Part of what covered was that decision to bring the fighters home to England and then hammering away at the LW, mostly bombers, both inbound and on the way back out (and when to break off) to knock down as many as possible. Fuel range/ combat time and the potential loss of both planes and pilots taking the fight all the way over the channel ment that they were being kept close to home and would (when possible) do multiple sorties a day against bombers instead of longer range interception. That also had the advantage of putting the LW fighters at the long end of their effective range and limited their engagement time still to be faced with getting home over the channel.
Shoot them down (AA or fighter) or they run out of fuel because they stayed too long (or got holes in the fuel tanks etc), they still go down and hopefully take the pilots with them. The calculus of combat operations.
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Re: Honorverse ramblings and musings
Post by Jonathan_S   » Tue Mar 13, 2018 9:40 pm

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Brigade XO wrote:I picked up a used book in England in 2016 which I think is "Spitfire vs Messserschmitt" and it worked through the design and deployment, tactics of both before, during and after the war. Politics, design problems and solutions, development of various models, pilot training (problem etc). One intersting piece was the Swiss using Me 109s against German bombers that were cutting across Switzerland for bombing raids.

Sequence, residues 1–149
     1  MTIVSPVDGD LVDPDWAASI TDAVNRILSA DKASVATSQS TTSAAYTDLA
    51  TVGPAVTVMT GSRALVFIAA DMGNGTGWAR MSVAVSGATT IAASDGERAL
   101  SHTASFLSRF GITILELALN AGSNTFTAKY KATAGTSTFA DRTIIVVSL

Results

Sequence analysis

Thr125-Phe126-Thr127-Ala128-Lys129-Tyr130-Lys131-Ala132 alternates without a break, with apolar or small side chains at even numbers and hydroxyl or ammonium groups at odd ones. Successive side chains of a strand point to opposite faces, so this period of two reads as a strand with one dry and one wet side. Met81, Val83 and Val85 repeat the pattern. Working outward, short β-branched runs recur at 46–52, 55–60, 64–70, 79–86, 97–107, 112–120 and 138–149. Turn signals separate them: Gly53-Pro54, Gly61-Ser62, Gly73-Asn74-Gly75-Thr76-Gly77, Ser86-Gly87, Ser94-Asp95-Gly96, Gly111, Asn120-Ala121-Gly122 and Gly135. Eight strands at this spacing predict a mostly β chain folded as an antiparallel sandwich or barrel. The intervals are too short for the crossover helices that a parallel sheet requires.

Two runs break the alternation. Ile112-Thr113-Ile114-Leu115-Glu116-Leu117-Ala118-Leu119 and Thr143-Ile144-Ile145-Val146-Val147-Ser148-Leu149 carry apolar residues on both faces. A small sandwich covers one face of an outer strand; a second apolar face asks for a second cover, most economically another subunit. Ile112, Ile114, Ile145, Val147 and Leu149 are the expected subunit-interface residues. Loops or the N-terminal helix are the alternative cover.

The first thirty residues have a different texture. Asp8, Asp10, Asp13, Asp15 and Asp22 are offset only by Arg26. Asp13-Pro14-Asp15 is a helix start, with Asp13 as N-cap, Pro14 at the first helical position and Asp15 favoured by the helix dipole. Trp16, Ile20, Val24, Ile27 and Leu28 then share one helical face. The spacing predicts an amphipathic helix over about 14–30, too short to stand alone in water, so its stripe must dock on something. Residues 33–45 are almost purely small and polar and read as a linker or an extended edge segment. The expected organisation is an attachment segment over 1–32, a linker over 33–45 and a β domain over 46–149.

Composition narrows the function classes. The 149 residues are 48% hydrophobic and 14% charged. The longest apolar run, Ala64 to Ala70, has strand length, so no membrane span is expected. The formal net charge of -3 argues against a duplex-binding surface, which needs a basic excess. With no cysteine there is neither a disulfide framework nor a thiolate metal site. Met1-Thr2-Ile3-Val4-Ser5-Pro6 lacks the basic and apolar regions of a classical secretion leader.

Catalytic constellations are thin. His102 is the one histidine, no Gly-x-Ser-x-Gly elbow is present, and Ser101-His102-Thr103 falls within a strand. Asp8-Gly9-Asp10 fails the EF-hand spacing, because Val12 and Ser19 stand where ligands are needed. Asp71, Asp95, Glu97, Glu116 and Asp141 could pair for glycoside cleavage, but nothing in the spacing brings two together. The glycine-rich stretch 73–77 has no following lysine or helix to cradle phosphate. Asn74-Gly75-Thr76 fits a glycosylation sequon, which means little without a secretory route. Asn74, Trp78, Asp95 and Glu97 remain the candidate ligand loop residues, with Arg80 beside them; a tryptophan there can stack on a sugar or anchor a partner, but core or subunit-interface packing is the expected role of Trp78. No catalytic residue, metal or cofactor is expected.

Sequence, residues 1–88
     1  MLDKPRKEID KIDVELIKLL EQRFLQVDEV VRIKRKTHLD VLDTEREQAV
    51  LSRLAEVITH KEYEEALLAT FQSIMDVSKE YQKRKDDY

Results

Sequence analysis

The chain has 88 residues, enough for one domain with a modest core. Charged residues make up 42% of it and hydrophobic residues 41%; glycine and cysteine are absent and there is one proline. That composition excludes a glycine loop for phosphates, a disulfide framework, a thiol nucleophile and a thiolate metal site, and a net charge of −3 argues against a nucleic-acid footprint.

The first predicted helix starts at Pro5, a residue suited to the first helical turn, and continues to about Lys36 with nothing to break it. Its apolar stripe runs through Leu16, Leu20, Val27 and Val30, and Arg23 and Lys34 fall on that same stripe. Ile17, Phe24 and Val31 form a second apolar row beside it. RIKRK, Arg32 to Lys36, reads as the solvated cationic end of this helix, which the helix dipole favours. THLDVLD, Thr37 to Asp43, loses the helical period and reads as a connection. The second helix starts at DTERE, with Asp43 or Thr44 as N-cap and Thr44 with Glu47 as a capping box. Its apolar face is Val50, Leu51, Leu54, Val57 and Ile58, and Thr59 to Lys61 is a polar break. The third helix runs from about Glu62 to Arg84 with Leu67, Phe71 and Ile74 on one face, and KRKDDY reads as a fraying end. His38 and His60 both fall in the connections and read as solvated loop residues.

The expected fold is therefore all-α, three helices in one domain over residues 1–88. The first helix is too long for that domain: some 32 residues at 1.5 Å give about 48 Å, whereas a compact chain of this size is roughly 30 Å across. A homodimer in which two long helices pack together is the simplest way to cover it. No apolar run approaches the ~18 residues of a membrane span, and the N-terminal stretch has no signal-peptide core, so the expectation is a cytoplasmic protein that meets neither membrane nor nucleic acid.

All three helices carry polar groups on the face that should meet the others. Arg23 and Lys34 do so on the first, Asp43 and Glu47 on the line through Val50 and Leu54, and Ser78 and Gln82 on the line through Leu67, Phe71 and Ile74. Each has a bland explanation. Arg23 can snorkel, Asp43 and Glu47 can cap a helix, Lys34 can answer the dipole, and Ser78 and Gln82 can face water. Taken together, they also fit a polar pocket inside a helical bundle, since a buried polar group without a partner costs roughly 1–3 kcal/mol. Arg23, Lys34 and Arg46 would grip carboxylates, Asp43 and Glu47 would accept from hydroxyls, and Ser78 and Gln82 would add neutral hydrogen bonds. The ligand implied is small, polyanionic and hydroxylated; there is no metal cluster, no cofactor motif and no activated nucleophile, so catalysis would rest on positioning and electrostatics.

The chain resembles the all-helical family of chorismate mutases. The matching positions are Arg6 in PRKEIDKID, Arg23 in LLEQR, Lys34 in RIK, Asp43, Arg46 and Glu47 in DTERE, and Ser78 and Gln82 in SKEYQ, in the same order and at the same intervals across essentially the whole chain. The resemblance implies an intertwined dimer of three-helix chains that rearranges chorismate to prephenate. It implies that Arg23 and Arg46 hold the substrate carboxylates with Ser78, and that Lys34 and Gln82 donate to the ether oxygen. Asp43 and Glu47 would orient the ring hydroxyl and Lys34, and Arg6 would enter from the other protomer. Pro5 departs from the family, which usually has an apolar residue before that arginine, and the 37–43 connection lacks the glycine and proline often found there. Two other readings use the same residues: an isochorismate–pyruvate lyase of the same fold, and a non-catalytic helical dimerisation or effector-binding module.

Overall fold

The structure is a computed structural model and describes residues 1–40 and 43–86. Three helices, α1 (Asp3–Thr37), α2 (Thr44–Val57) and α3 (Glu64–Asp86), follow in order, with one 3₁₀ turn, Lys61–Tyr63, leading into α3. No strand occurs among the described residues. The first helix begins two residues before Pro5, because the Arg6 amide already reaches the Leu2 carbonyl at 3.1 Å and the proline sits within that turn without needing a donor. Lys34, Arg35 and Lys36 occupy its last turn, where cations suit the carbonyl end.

Part of what covered was that decision to bring the fighters home to England and then hammering away at the LW, mostly bombers, both inbound and on the way back out (and when to break off) to knock down as many as possible. Fuel range/ combat time and the potential loss of both planes and pilots taking the fight all the way over the channel ment that they were being kept close to home and would (when possible) do multiple sorties a day against bombers instead of longer range interception. That also had the advantage of putting the LW fighters at the long end of their effective range and limited their engagement time still to be faced with getting home over the channel.
Shoot them down (AA or fighter) or they run out of fuel because they stayed too long (or got holes in the fuel tanks etc), they still go down and hopefully take the pilots with them. The calculus of combat operations.